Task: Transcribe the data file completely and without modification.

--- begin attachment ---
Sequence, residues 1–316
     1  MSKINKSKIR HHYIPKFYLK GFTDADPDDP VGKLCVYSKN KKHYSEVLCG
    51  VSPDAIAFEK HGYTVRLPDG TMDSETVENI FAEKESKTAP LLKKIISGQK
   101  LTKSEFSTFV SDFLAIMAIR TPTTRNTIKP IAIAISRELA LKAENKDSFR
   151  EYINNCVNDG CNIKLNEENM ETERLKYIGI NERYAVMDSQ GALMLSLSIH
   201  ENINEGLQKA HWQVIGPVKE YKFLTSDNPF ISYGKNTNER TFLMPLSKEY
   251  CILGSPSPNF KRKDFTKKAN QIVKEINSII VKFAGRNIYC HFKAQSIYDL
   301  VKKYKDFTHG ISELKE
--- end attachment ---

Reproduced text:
Sequence, residues 1–316
     1  MSKINKSKIR HHYIPKFYLK GFTDADPDDP VGKLCVYSKN KKHYSEVLCG
    51  VSPDAIAFEK HGYTVRLPDG TMDSETVENI FAEKESKTAP LLKKIISGQK
   101  LTKSEFSTFV SDFLAIMAIR TPTTRNTIKP IAIAISRELA LKAENKDSFR
   151  EYINNCVNDG CNIKLNEENM ETERLKYIGI NERYAVMDSQ GALMLSLSIH
   201  ENINEGLQKA HWQVIGPVKE YKFLTSDNPF ISYGKNTNER TFLMPLSKEY
   251  CILGSPSPNF KRKDFTKKAN QIVKEINSII VKFAGRNIYC HFKAQSIYDL
   301  VKKYKDFTHG ISELKE